vox.com
Аналог "Евровидения" на русском языке предлагает проводить Лариса Долина
Аналог "Евровидения" на русском языке предлагает проводить Лариса Долина
http://rg.ru
Мартин Скорсезе: Киноэпопея из жизни человекообразных снова на экранах
На российские экраны 19 мая снова выходит фильм Мартина Скорсезе "Волк с Уолл-стрит". Это работа мощная, мудрая, многослойная и трагичная: веры в людей у автора осталось немного. Фильм предлагает беспощадный анализ природы капитализма
http://rg.ru
Clinton campaign lawyer charged in Durham probe seeks mistrial
The Hillary Clinton campaign lawyer currently on trial as part of special counsel John Durham's investigation requested a mistrial in a late-night filing Wednesday, though the judge overseeing the case has already said he is skeptical of his arguments.
edition.cnn.com
CNN выдал уничтоженные украинские "Булаты" за российские танки
Представители вооруженных формирований Украины обманули журналистов CNN, выдав собственные уничтоженные "Булаты" за российские танки. Одна из машин выгорела полностью, у другой оторвало башню
http://rg.ru
Песков: Россия будет бороться за свои активы
Арест российских активов на Украине - это воровство, Россия будет бороться за них, подчеркнул пресс-секретарь президента РФ Дмитрий Песков. "Это продолжение той самой линии, которая вошла в моду в последнее время в целом ряде государств - линия на фактическое воровство чужих активов", - считает он
http://rg.ru
The restaurant where real Italian mothers rule the kitchen
The premise is simple: real Italian mothers and grandmothers are recruited from one of Italy's 20 regions. They then move to London for a three-month residency, showcasing their own traditional recipes based around their local cuisine.
edition.cnn.com
Песков: В Кремле не знают деталей плана Италии по урегулированию на Украине
Песков: В Кремле не знают деталей плана Италии по урегулированию на Украине
http://rg.ru
CDC's independent vaccine advisers will meet to discuss Covid-19 boosters for kids
The US Centers for Disease Control and Prevention's independent Advisory Committee on Immunization Practices (ACIP) will meet Thursday to discuss updates on Covid-19 vaccine safety and effectiveness for children ages 5-11 years, CDC guidance on boosters for that age group and the framework for that booster dose.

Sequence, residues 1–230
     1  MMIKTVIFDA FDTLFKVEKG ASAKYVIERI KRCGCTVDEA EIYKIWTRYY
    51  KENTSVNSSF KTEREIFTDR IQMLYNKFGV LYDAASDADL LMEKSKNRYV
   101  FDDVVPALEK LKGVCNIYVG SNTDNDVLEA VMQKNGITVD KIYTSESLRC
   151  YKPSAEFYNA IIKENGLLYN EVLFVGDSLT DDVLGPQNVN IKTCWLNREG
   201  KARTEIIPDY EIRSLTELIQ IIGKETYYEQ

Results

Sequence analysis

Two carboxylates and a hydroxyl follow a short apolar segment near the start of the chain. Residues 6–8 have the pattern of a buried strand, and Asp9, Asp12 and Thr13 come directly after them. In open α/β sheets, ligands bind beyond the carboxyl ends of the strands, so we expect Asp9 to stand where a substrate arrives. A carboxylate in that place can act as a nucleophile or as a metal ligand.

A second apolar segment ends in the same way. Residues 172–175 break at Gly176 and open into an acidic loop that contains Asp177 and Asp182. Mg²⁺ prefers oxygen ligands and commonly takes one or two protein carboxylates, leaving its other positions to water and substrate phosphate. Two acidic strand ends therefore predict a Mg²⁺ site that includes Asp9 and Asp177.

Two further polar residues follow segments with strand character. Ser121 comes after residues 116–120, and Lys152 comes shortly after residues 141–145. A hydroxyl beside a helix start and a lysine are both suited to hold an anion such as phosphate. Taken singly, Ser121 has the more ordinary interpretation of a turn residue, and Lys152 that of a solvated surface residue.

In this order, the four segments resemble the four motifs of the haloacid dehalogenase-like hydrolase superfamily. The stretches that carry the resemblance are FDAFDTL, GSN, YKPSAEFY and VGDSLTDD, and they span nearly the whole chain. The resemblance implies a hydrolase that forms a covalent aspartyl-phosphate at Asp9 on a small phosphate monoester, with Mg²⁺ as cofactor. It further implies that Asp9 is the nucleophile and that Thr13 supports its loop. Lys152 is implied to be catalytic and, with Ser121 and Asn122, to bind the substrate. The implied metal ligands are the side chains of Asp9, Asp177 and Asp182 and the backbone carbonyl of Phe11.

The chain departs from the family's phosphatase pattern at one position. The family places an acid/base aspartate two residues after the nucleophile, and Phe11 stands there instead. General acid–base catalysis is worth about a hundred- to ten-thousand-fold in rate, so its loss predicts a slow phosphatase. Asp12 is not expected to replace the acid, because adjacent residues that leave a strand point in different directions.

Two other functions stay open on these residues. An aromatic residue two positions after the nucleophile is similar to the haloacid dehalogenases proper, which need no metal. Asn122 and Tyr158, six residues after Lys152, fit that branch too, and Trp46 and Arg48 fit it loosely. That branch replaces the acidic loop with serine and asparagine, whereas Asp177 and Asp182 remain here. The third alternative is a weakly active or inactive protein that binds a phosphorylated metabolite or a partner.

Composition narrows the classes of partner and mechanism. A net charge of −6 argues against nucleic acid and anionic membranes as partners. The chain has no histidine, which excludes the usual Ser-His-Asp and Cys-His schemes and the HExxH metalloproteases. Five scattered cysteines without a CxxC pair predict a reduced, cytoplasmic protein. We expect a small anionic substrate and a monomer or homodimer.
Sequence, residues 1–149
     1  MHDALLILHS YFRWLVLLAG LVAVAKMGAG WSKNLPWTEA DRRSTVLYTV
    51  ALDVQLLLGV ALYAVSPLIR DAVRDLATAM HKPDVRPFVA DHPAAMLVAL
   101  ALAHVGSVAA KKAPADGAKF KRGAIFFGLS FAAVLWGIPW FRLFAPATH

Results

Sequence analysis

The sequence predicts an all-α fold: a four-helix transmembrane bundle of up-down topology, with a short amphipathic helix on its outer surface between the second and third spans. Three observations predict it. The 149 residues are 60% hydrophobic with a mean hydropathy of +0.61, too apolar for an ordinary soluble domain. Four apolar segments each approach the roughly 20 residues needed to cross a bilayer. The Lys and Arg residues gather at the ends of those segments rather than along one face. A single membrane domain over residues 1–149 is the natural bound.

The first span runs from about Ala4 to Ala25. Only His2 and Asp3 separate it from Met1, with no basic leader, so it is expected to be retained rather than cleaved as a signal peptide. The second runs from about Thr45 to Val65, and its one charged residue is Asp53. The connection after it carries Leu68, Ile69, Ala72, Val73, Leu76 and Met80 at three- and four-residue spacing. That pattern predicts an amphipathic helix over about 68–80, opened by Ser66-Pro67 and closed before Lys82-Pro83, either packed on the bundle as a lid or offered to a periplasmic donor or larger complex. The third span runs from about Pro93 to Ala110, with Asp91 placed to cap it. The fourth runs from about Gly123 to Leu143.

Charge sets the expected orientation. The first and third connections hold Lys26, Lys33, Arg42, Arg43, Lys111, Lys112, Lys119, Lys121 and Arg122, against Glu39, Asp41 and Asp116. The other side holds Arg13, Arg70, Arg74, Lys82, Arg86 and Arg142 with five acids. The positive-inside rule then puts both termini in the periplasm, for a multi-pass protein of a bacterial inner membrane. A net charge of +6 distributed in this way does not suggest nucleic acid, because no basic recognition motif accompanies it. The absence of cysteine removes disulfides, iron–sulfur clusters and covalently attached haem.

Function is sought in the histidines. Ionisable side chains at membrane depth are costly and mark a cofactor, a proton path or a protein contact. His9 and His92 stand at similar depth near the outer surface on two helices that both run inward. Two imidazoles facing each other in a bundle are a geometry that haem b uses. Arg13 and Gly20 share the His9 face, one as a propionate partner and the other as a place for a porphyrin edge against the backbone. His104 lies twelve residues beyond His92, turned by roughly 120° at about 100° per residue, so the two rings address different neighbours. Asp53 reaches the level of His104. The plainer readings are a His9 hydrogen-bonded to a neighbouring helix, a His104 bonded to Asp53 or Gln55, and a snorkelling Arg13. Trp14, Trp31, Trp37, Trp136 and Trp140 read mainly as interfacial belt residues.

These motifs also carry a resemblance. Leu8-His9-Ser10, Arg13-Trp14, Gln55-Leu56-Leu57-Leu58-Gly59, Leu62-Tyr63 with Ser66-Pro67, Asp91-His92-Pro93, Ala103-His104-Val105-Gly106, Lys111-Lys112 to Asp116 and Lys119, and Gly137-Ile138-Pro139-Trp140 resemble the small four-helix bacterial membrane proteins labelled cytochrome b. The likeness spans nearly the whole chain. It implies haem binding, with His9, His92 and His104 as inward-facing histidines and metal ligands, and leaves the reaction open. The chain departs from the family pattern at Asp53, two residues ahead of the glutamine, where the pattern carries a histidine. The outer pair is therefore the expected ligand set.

edition.cnn.com
Post Politics Now: Harris to meet with abortion providers; Biden heading to Asia
Counting continues in Pennsylvania in the too-close-to-call Republican primary for Senate where celebrity physician Mehmet Oz has a narrow lead over GOP rival David McCormick.
washingtonpost.com
Are the Kids All Right?: Gen(der) Z | CBS Reports
For an unprecedented number of young people in Gen Z, gender is a social construct that needs dismantling. In this CBS Reports documentary, we follow four teens with diverse gender identities to see how they are dealing with and experiencing a world that’s redefining gender.
cbsnews.com
Хуан Карлос I впервые за два года вернется в Испанию
Хуан Карлос I впервые за два года вернется в Испанию
http://rg.ru
Desperate families turn to hospitals when their hunt for formula comes up dry
Three-year-old Alexis Tyler survives on Gerber Lil Crunchies cheese puffs and the chocolate flavor of a specialty nutritional formula called Neocate. Her mother hasn't been able to buy that formula for her since March.
edition.cnn.com
Disabled Veteran Gives Mouth-to-Mouth to Loyal Support Dog Shot With Arrow
The owner said his Great Pyrenees appeared with the injury while roaming his Alabama mini farm.
newsweek.com
Песков рассказал о перспективах "Северного потока-2"
Европе будет нужен "Северный поток-2", что бы она ни говорила, но пока нет надежд на запуск проекта. Об этом заявил пресс-секретарь президента России Дмитрий Песков. "Тем не менее все-таки инфраструктура этого проекта готова, какое-то время в рабочем состоянии пролежит на дне моря", - добавил он
http://rg.ru